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Progress 19 Brings Spare Parts to the Station.
An unpiloted Progress cargo ship docked to the Zvezda module of the International Space Station on Saturday, delivering supplies to the crew of Expedition 11. The supplies include food, water, fuel, oxygen, air, clothing and experimental hardware. Also on board are spare parts for the Russian Vozdukh carbon dioxide removal system and the Elektron oxygen generator. The Astronaut will try and repair the Elektron next week to bring it back into service.
An unpiloted Russian Progress cargo ship docked to the aft port of the International Space Station (ISS) Zvezda module today at 10:42 a.m. EDT, as the Station flew 220 miles above Central Asia near northern Kazakhstan. The 19th Progress spacecraft to visit the ISS is carrying more than 5,000 pounds of supplies for the crew.
Expedition 11 Commander Sergei Krikalev and Flight Engineer John Phillips will check for leaks before opening the hatch to the Progress later today. They'll begin unloading the cargo tomorrow.
The supplies include food, fuel, oxygen and air, clothing, experiment hardware, Russian spacesuit components and spare parts for the Vozdukh carbon dioxide removal system. A new water circulation liquids unit is onboard the supply ship. This unit is for the station's Elektron oxygen-generating system which is inoperable. The unit will be installed next week to try to bring Elektron back into service.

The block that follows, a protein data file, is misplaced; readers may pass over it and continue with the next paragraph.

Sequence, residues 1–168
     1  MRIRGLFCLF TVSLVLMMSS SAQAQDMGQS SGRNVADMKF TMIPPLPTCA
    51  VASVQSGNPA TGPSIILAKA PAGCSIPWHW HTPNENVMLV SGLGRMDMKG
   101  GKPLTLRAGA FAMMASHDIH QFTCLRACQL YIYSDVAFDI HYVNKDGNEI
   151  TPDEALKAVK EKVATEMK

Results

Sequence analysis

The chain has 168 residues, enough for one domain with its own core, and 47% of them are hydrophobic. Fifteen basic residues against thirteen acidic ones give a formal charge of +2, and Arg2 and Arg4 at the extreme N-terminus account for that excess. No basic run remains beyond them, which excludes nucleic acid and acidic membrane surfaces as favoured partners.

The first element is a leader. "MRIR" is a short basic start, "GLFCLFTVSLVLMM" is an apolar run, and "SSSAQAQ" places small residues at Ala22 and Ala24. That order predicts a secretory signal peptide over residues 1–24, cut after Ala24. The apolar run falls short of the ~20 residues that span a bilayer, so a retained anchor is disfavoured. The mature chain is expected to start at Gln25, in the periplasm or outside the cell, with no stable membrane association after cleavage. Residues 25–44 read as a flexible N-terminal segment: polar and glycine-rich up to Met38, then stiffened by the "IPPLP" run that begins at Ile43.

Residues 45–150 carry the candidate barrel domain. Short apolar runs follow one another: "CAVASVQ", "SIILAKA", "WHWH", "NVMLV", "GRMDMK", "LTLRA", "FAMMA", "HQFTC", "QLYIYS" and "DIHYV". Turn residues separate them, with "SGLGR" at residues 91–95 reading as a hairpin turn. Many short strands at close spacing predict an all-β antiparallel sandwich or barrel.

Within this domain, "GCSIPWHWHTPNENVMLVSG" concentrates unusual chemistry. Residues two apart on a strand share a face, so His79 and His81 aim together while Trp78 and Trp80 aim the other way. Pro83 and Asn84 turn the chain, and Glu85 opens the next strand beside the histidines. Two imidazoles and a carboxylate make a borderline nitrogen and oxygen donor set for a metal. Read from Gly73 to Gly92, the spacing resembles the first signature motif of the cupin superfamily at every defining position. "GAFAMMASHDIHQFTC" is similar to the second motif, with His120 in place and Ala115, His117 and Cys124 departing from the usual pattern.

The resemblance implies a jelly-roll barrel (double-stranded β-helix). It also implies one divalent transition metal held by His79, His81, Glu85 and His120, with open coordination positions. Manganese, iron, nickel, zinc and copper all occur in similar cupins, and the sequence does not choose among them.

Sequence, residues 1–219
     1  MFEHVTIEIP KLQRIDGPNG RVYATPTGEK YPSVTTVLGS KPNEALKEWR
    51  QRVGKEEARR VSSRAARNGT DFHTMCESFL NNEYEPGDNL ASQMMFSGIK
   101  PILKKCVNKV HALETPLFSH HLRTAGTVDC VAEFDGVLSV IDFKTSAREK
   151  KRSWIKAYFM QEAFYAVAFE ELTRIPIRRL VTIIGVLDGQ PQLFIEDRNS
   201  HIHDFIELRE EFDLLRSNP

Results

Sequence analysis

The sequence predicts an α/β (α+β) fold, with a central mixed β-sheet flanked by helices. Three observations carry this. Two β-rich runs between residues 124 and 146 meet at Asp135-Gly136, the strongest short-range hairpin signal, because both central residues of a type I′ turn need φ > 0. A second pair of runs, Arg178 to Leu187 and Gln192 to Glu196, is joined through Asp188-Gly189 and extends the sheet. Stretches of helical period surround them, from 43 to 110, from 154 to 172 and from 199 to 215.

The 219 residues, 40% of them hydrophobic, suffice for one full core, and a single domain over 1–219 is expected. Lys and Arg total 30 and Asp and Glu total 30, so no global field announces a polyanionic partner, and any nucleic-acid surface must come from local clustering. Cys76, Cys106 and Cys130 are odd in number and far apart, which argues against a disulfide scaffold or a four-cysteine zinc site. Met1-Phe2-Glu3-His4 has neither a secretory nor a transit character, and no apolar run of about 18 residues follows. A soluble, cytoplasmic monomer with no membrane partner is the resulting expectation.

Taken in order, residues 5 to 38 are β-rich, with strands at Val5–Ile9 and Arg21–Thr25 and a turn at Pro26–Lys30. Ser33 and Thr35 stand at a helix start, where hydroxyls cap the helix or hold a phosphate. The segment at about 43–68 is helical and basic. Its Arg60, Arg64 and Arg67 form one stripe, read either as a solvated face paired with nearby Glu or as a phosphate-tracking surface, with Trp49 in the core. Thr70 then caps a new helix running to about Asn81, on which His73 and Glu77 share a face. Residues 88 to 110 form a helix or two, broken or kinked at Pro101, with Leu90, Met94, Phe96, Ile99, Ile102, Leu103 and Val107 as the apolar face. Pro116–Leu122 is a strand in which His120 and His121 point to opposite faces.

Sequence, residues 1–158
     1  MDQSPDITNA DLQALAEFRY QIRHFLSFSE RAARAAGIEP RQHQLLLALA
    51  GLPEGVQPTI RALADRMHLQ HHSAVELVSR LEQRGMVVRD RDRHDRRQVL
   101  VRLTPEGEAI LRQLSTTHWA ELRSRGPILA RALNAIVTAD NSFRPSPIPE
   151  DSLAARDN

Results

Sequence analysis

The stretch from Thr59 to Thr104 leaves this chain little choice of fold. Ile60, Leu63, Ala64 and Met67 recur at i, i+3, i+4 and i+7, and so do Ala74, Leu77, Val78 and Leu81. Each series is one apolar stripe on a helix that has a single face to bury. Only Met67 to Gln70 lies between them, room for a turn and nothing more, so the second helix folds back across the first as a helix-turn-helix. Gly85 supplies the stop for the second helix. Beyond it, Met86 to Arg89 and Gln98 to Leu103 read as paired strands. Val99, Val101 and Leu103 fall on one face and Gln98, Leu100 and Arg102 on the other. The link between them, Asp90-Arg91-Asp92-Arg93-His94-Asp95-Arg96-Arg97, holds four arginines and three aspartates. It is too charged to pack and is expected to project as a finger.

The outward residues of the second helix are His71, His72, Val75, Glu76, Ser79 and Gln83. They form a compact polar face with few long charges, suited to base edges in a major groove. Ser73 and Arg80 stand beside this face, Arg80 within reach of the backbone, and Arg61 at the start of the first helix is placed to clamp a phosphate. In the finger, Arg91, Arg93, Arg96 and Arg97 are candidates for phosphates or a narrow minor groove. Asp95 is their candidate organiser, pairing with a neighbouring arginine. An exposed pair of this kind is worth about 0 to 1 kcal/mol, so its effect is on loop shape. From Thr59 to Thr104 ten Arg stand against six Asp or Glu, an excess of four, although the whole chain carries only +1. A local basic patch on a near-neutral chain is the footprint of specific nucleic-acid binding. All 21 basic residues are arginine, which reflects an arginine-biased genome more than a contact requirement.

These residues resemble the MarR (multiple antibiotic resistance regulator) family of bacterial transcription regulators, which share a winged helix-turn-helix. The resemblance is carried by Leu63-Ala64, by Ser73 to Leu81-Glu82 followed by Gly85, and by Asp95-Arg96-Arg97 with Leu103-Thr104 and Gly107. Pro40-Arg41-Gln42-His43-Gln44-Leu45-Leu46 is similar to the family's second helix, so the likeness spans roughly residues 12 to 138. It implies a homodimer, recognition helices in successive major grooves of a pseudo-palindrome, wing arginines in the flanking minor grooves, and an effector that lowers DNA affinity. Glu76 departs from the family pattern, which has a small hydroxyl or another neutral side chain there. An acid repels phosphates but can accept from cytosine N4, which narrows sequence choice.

The remainder of the Progress payload includes 1,763 pounds of propellant for the Russian thrusters; 242 pounds of oxygen and air in tanks as a backup supply for the oxygen generated by Elektron; and 463 pounds of water to augment the supplies left by the Space Shuttle Discovery during the STS-114 mission.
Some of the clothing and personal effects delivered to the station include items for the next resident crew, Expedition 12 Commander Bill McArthur and Flight Engineer Valery Tokarev. They are scheduled to launch from the Baikonur Cosmodrome in Kazakhstan Oct. 1 in the Soyuz TMA-7 capsule.
Information about the crew's activities on board the station, future launch dates, and sighting opportunities is available on the Web at: http://www.nasa.gov/station
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